Not everyone can write and edit. Since writing is all around us, text, text everywhere, we take it for granted. We think everyone knows how to write, knows how to edit, is sure that the stuff they’ve written is grammatically correct and makes sense and the words are spelled correctly. That’s not always the case. Small businesses often need help with editing and proofreading (including ads, if you think you can think of some great ad ideas for them). Also don’t overlook magazines and newsletters. Many editors look for freelance or temporary help when it comes to editing or proofreading. Sites to check out: Mediabistro (http://www.mediabistro.com), Guru (http://www.guru.com) and Newsjobs.net (http://www.newsjobs.net/usa/). And let’s not forget The Writers Resource Center (http://www.poewar.com/jobs, and http://www.poewar.com/freelance)! These are all great sites, not just for editing and proofreading, but for staff and freelance positions as well. Also, it doesn’t hurt to pick up the phone and call a newspaper in your area to see if they need help.

How about a non-writing job in publishing? I know, I know. You dread working on the “business” end of publishing. But let’s face it, that’s really where the steady money is. If you want to work in publishing, perhaps you could do what I did to get my foot in the door: I did sales and promotion full time for a music magazine. Sure, it was a lot of phone work and office-type paperwork, but it was a pretty good salary (plus commissions). Besides, you’ll make contacts you wouldn’t have made if you were waiting tables or babysitting. The publishing world runs on more than just words. Get a job in sales, marketing, circulation, distribution. It’s your foot in the door. And when another position opens up…

Magazines, Newspapers and Web Sites

Op-Ed Pieces

Newspapers are always looking for people to write op-ed (opinion-editorial) pieces on various topics. Start with your local paper. Back in the 80s, that’s how I got my first clips. Many don’t pay (though some do), but I’m a firm believer in writing for free, especially when you are first starting out, or even later when you want to get something published. It’s a great way to get clips, get your name out there, and put some impressive credits in your portfolio. Who cares if you didn’t get paid for that op-ed you did for The New York Times? I mean, it’s The New York Times! And that could lead to something else. Check the editorial pages or the masthead of the newspaper for a contact name. Many want to see the whole piece, though a few might want you to query first.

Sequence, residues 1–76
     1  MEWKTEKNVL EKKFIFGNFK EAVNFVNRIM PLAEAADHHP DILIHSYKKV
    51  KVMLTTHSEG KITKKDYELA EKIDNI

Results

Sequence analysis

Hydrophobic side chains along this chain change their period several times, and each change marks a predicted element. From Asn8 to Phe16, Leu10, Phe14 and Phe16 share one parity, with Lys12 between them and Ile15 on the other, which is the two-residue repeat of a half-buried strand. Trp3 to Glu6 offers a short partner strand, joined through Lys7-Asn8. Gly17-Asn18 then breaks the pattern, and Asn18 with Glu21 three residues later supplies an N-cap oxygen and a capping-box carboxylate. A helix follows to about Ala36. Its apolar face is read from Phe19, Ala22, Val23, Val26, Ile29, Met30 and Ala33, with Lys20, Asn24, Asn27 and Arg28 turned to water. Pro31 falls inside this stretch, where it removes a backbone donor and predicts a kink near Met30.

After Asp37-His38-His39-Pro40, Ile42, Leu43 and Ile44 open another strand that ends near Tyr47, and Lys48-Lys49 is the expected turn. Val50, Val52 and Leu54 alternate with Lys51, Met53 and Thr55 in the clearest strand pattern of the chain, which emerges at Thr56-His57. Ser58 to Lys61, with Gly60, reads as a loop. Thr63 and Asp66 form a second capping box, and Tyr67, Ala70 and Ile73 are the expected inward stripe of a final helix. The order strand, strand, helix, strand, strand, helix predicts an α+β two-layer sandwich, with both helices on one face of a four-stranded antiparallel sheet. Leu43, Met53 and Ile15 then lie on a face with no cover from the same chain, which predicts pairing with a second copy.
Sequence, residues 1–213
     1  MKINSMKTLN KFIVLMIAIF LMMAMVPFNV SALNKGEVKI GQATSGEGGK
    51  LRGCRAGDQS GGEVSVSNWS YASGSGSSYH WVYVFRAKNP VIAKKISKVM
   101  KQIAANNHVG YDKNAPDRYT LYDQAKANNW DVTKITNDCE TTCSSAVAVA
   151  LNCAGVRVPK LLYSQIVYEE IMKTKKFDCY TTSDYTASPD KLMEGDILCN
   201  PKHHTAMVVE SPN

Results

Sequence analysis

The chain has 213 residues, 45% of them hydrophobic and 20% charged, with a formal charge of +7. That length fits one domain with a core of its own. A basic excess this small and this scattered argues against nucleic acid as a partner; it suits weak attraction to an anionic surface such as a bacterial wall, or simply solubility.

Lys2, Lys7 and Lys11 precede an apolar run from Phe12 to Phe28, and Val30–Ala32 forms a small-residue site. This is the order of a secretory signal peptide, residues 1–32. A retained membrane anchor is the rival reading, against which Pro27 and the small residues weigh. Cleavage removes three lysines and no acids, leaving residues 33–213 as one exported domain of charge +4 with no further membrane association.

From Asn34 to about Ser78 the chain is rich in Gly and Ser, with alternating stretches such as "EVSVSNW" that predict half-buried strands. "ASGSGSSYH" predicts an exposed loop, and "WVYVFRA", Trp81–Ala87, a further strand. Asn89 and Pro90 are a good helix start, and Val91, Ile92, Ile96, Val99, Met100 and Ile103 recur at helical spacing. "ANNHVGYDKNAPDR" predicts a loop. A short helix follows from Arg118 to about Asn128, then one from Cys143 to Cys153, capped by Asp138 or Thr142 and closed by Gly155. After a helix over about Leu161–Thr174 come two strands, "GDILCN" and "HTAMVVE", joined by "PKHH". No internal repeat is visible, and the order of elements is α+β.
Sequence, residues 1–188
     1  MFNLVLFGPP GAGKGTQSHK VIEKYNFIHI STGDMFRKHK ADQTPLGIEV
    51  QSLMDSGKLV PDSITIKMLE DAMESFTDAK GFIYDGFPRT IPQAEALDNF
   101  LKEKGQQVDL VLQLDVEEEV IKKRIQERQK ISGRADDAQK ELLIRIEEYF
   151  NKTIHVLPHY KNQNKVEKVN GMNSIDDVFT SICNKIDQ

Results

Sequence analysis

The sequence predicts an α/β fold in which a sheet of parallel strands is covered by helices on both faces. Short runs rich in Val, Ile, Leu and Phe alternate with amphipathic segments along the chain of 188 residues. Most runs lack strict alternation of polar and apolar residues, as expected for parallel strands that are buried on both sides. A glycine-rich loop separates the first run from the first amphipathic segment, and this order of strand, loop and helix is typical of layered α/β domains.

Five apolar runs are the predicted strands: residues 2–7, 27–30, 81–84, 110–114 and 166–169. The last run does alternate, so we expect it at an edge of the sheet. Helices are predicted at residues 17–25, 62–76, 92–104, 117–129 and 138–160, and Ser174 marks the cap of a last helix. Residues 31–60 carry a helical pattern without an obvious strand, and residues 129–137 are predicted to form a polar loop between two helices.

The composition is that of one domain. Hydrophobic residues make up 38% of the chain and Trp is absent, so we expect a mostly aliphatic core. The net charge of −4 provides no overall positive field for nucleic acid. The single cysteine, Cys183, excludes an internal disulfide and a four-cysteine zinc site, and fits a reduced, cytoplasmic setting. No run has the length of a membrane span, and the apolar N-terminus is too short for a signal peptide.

Become an online community leader

There are many online communities, sites where people who share the same interests get together to share information, chat, exchange information and links, learn new things about a particular topic (health, computers, music, movies, sex, politics, the latest episode of “Battlestar Galactica,” etc). Many online communities don’t pay, but three of the top sites pay regularly and are worth checking out: About (http://www.about.com), recently bought my media giant Primedia, is one of the most visited sites on the web. Community leaders share a percentage of the ad revenue generated by the site, which right now is between $100-500 a month, sometimes more. But hurry! Topics that need to be covered are going VERY quickly. Suite101 (http://www.suite101.com) is a similar site, jam-packed with great info, though it doesn’t pay as well ($25 if you update weekly, less if you do it every other week or monthly). But being a less-visited site, they have more topics available right now. Terrashare (http://www.terrashare.com) takes a slightly different track, telling their community leaders they will give them there own web site for free, and the more visitors you get to visit your section/site, the more money you make.

Teach

Schools and local colleges are often looking for writers to teach classes. Even if you don’t see an opening listed, write up a proposal, along with your resume and clips, and send it along to a school. Many times you don’t even have to have a teaching certificate (check your state laws). But even if you do, that doesn’t mean you can’t teach privately in your home. Charge by the hour. Get 4 or 5 students and the money will add up every week.